“Sanctuary cities” and crime

Daniel E. Martínez, Ricardo Martínez-Schuldt, Guillermo Cantor

Research output: Chapter in Book/Report/Conference proceedingChapter

3 Scopus citations

Abstract

Since the late 1990s, greater demand has been placed on local and state jurisdictions to enforce immigration laws. To a large extent, this pressure was exerted through the federal government’s increased use of enforcement programs that rely on state and local law enforcement cooperation. These programs have drawn heavy criticism, and some communities across the country have responded to such pressure by adopting ordinances that explicitly limit such cooperation. These ordinances, colloquially known as “sanctuary policies,” have been the subject of a growing body of academic literature. This chapter provides a review of the literature on so-called “sanctuary policies” by focusing on their definition, history, factors that explain their adoption, and the association (or lack thereof) between “sanctuary” policies and crime. Our review reveals the existence of nuances in the definition of “sanctuary” cities and policies. Historically, such policies have been a response to changes in federal immigration enforcement efforts. In some cases, “sanctuary” policies are strictly defined as local efforts aimed at limiting cooperation with federal enforcement, in others, as preconditions for immigrant inclusion at the local level. Additionally, our review finds no evidence that these policies constitute a magnet for “criminal aliens,” insofar as there is no association between presence of “sanctuary” policies and violent crime.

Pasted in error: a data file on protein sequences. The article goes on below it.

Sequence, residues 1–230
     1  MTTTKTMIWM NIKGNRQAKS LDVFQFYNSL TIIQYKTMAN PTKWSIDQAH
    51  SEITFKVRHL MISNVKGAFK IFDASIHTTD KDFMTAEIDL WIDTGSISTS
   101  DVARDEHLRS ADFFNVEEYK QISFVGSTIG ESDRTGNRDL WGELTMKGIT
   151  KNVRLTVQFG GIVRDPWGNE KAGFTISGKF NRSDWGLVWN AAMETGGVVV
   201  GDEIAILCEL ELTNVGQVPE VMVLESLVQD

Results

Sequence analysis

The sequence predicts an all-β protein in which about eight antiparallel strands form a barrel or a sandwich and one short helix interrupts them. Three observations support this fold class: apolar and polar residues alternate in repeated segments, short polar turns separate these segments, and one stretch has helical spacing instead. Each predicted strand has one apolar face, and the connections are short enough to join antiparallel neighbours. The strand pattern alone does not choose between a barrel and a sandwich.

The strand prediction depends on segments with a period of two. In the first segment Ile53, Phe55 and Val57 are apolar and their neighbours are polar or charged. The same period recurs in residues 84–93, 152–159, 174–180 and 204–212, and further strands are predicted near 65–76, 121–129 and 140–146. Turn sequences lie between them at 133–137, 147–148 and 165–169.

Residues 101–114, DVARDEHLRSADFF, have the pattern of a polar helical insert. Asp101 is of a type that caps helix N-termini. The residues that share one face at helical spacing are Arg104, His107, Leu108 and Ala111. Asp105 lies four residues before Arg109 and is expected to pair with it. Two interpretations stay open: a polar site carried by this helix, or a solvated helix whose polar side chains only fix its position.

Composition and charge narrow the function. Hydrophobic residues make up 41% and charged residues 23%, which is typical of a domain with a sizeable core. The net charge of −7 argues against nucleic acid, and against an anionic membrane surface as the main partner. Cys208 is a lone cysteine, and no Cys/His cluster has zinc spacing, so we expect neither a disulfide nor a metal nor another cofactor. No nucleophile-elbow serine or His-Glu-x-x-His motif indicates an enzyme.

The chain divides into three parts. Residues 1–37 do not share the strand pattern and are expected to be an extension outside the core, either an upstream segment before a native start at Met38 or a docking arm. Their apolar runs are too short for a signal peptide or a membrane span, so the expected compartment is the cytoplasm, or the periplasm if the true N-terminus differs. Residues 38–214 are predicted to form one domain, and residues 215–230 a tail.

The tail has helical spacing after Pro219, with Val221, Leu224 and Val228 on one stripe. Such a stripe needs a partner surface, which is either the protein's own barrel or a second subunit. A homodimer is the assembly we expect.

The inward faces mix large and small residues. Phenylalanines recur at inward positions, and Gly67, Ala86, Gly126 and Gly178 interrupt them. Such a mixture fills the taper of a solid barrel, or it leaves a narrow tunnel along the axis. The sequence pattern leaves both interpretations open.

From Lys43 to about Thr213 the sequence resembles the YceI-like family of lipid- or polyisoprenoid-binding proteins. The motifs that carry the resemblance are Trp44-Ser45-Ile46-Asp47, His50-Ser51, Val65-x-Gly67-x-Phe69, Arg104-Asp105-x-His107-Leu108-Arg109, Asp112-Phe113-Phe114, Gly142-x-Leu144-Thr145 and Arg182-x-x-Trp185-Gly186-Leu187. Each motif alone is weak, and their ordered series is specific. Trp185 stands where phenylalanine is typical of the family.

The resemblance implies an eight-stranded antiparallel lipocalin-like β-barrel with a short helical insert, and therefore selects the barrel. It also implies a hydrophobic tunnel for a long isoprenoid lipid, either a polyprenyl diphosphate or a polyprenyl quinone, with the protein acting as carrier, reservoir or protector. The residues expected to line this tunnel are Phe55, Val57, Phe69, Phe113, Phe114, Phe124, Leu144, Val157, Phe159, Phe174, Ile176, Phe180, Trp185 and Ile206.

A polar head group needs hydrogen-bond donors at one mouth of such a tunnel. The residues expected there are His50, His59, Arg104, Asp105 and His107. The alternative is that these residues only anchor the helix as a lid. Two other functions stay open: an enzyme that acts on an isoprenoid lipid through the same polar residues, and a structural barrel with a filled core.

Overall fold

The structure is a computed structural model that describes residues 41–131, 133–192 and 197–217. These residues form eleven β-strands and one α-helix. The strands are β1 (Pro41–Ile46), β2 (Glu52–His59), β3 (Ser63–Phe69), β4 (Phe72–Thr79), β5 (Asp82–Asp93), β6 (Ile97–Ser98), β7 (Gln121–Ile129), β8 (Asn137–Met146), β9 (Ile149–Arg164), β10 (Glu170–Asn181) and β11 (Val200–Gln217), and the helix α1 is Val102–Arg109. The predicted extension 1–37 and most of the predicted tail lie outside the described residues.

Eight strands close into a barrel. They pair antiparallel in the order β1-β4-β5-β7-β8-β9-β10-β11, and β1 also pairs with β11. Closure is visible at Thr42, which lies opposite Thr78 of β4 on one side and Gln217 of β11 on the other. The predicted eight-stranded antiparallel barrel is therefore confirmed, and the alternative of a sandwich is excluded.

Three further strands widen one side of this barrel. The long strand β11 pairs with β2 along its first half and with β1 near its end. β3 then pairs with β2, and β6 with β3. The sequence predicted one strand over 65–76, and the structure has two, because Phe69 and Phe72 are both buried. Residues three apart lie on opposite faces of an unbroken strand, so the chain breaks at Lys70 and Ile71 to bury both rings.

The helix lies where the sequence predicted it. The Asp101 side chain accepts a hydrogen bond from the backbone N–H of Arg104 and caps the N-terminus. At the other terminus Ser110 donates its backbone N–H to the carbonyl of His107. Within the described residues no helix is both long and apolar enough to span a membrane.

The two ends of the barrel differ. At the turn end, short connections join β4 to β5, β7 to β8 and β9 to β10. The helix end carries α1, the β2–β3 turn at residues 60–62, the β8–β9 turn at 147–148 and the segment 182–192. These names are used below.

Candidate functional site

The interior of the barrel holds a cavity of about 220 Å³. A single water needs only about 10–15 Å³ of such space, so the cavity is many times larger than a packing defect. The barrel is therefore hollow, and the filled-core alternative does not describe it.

Original languageEnglish (US)
Title of host publicationRoutledge Handbook on Immigration and Crime
PublisherTaylor and Francis
Pages270-283
Number of pages14
ISBN (Electronic)9781315618647
ISBN (Print)9781138668416
DOIs
StatePublished - Jan 1 2018

ASJC Scopus subject areas

  • Social Sciences(all)

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